I read fiction about suffering, madness, and death.  Not brave quests to overcome seemingly-impossible obstacles.  Not lovable talking animals learning valuable lessons.  Not We-Disliked-Each-Other-at-First-but-Now-We’re-Falling-in-Love stories, unless untranslated from the original Austen.  No happy endings.  Fittingly, I am also a college English professor, down to my daily uniform of corduroy pants and up to my suede elbow patches.  So the books in my American Literature class this semester represent Unhappiness’s Greatest Hits, especially marital misery.  For all of its green lights, ash heaps, and eyes in the sky, F. Scott Fitzgerald’s The Great Gatsby is a novel whose plot boils down to adultery, filled with lines like this: “Most of the remaining women were now having fights with men said to be their husbands.”  So far, no student has asked how I personally feel about the subject of marriage itself.  They do not ask, Are you married? Or, What do you think?  So thankfully, I don’t have to tell.  As long as they don’t want to know, I can keep my personal life out of it.  That’s good.  If they did ask, I would be afraid to answer.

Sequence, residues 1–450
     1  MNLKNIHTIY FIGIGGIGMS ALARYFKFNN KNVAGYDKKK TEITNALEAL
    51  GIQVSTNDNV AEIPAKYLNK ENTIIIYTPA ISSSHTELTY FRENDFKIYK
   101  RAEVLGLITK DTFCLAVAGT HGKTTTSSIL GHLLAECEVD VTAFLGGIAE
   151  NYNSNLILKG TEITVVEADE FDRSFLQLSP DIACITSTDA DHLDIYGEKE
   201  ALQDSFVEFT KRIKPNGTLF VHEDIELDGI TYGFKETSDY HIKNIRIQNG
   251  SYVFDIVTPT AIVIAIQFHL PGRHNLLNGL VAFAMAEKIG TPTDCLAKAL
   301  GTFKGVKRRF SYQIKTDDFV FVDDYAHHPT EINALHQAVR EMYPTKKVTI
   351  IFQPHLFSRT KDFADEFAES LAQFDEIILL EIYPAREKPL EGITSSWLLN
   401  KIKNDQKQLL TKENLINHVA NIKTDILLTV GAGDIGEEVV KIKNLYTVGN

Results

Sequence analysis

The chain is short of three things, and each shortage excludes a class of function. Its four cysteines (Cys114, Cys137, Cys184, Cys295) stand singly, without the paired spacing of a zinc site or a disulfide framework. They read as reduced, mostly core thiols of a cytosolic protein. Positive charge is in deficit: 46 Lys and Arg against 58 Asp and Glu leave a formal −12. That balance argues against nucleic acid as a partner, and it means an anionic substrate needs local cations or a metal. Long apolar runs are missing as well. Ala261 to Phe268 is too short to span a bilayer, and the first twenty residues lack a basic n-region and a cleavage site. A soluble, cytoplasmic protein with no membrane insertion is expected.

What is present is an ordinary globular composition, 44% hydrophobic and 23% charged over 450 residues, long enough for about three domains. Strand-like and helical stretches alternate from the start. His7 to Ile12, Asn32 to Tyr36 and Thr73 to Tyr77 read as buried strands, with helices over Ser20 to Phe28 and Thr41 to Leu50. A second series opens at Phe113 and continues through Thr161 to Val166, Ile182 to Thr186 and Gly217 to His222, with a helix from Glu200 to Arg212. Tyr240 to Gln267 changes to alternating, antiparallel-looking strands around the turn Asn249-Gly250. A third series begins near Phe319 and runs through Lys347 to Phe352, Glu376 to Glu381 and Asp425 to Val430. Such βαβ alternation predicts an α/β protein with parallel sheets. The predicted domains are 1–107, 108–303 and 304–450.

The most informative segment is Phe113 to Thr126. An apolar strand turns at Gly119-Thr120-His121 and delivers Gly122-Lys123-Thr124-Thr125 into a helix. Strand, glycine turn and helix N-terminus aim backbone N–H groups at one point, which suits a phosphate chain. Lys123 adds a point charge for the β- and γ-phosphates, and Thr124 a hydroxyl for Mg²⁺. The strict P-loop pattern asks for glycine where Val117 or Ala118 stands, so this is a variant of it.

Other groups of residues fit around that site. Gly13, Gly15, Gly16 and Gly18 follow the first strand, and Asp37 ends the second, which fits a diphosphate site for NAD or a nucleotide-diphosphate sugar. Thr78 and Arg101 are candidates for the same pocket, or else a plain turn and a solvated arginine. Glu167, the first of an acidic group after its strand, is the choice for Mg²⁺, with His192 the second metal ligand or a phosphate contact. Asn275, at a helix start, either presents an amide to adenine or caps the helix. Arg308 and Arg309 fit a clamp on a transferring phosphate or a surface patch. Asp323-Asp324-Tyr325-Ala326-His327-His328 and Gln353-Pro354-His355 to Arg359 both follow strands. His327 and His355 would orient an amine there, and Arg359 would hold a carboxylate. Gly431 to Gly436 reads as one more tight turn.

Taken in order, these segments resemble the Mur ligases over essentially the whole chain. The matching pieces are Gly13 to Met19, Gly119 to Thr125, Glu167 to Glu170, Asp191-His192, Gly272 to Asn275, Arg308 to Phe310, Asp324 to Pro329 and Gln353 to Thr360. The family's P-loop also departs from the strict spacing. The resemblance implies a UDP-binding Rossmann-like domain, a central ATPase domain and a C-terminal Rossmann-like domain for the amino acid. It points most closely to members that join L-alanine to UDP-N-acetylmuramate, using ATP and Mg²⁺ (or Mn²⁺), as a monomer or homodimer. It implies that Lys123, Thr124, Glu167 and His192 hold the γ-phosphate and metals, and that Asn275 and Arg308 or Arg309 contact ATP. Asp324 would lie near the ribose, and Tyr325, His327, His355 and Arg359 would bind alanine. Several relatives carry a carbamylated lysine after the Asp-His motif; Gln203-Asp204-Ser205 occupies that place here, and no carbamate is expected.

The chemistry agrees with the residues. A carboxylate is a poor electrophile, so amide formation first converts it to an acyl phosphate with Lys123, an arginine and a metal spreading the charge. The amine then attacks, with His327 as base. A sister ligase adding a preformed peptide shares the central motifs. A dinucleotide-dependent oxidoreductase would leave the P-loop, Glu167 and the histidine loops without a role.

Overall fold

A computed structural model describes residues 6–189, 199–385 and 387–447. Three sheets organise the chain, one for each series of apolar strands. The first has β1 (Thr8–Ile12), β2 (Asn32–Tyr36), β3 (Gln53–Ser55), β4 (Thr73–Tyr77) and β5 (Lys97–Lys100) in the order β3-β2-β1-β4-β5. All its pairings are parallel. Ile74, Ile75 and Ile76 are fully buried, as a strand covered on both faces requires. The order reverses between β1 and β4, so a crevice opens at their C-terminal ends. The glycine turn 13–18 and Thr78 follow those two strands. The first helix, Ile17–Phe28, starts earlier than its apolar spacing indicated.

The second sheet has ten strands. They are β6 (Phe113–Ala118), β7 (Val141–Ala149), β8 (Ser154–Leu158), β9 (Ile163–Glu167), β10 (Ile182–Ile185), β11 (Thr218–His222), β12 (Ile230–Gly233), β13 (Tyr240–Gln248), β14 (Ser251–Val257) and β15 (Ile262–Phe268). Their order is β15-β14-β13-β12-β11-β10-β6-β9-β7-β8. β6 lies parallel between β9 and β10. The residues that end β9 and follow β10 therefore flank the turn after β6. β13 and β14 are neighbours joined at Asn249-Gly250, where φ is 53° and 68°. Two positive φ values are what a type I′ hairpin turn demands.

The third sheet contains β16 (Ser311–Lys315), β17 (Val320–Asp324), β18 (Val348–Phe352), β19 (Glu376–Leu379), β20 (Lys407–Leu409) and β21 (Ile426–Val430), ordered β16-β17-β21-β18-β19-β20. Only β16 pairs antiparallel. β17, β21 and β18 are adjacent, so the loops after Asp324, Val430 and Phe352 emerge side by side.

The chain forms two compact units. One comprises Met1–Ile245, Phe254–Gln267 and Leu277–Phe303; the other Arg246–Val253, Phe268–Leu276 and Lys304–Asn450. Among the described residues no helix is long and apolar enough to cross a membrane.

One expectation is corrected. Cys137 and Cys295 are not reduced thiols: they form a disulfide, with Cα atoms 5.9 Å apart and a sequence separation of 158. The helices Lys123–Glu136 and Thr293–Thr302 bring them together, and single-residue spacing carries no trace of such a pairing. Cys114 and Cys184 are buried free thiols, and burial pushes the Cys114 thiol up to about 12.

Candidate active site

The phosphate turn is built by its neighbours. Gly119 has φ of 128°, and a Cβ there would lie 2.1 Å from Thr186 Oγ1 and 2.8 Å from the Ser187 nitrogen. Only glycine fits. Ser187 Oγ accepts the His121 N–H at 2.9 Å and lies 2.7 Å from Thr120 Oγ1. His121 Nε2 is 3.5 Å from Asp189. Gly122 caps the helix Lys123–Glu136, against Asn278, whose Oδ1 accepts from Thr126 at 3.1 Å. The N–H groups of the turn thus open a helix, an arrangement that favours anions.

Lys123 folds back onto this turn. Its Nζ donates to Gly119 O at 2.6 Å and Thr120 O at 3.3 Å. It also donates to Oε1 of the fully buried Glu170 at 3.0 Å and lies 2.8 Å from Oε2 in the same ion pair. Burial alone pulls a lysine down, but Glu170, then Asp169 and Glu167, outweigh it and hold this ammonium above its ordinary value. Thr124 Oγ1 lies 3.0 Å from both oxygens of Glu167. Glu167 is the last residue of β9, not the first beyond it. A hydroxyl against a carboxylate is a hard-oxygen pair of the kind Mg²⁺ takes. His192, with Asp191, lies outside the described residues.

Neither great nor Gatsby, he's really a legume